There’s a question plaguing Hollywood today when it comes to wildly successful and praised new works: should we make a sequel and can it possibly be as good as the original? And while many blame film studios’ lame superhero franchise cash grabs as a recent phenomenon, the sequel is at least as old as Shakespeare.
Budding DC-area theater company Brave Spirits Theatre is staging an oft-ignored sequel, Henry IV Part 2, in repertory with it’s vastly more popular sibling Henry IV Part 1, both retitled as Henri IV Part 1, which I reviewed for DC Theatre Scene last week and Henri IV Part 2. While their attempt (much like their name) is Brave, a combination of scraping the bottom barrel of Shakespearean oeuvre and a Falstaffian mistake of biting off more than they could chew shows that Henri IV Part 2 might best be consigned to the chop shop of adaptation (à la Orson Welles’ Chimes at Midnight or Stratford’s upcoming Breath of Kings) rather than letting the play stand on its own, even in repertory with the original.
Part of the issue is the bane of every sequel: the second part is more of the same, but just not as good. Director Kevin Finkelstein continues the double production concept of regendering the play (only the villainous Archbishop, one of his lackeys, a messenger and a few of the tavern crawlers are played by men, the rest are played by women) and cabaret, where characters sing pop songs during transitions to express their feelings from the previous scene or set the mood for the next scene. This continuation is understandable: keeping the same concept means that Part 2 feels like an extension of Part 1, it is much easier on the budget, and the concept choices worked so smoothly in Part 1. In Part 1, the regendering did not distract from the action and the cabaret felt poignant and occasionally chill-inducing.
But Part 2 is a very different play. While Part 1 is all about the mixing of high drama and low humor, Shakespeare fills Part 2 with bawdy tavern scenes alongside overwrought court scenes that rarely, if ever meet, and neither of the production concepts helped in either high or low channels. The regendering made many of the tavern scenes simply unravel in dysfunction since so many of the jokes and developments are based on Early Modern stereotypes of exchanges between whorish tavern wenches and layabout bawds.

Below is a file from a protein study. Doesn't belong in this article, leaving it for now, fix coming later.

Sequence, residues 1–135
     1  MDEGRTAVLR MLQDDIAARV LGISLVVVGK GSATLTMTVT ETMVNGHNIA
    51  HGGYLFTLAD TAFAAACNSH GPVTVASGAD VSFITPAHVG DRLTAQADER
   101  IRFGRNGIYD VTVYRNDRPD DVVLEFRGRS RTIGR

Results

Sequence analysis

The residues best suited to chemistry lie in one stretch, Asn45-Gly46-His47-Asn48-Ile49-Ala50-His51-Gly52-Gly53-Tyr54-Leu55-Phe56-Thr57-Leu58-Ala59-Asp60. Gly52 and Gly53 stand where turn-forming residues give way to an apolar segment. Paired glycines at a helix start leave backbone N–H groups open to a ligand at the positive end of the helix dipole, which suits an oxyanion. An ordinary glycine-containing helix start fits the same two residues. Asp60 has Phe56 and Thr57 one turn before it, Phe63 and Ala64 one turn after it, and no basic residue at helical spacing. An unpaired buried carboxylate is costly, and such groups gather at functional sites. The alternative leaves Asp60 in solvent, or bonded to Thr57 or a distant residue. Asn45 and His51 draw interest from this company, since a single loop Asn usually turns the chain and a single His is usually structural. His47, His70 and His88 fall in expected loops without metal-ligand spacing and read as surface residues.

The regendering hurt the court scenes, too. The deterioration and death of the titular Henrietta and the downfall of her enemies teeters over the precipice of the melodramatic and falls sobbing into the chasm of the hysterical. I use that last word conscious of its sexist origins, because that is exactly why the regendering hurt, rather than helped Brave Spirits’ Henri IV Part 2.
Henri IV, Part 1
Henry IV, Part 2
October 29 – November 22, 2015
Brave Spirits Theatre
at Lab at Convergence
1819 N. Quaker Lane
Alexandria, VA 22302
2 hours, 30 minutes with 1 intermission
Tickets: $20 – $30
Thursdays thru Sundays
Regendering a script works best when it gives women a new set of paradigms to work with as artists, roles and depths sadly lacking in present day playwriting and much less in Shakespeare’s work. But Shakespeare’s overwrought verse and hackneyed plotting give these actors little recourse but tears, and crying filled so much of every court scene that I was desensitized to it. Regender a play to give women the roles of the lionized warrior, the ruthless rogue, the passionate seducer, or the hotheaded braggart, but spare us, and these actors, the crying figure of pity; we all have already had 2500 years too much of that.